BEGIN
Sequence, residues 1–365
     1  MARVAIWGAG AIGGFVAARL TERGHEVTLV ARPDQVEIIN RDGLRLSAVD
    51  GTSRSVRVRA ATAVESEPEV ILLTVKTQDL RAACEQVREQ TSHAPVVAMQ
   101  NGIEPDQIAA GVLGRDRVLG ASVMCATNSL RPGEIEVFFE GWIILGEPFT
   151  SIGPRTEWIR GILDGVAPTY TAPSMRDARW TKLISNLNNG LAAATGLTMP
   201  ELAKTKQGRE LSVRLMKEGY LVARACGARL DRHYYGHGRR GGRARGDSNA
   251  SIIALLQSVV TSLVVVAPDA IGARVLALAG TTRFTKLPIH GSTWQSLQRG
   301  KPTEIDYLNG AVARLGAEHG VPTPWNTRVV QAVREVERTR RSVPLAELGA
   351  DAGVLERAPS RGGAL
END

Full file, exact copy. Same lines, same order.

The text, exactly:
Sequence, residues 1–365
     1  MARVAIWGAG AIGGFVAARL TERGHEVTLV ARPDQVEIIN RDGLRLSAVD
    51  GTSRSVRVRA ATAVESEPEV ILLTVKTQDL RAACEQVREQ TSHAPVVAMQ
   101  NGIEPDQIAA GVLGRDRVLG ASVMCATNSL RPGEIEVFFE GWIILGEPFT
   151  SIGPRTEWIR GILDGVAPTY TAPSMRDARW TKLISNLNNG LAAATGLTMP
   201  ELAKTKQGRE LSVRLMKEGY LVARACGARL DRHYYGHGRR GGRARGDSNA
   251  SIIALLQSVV TSLVVVAPDA IGARVLALAG TTRFTKLPIH GSTWQSLQRG
   301  KPTEIDYLNG AVARLGAEHG VPTPWNTRVV QAVREVERTR RSVPLAELGA
   351  DAGVLERAPS RGGAL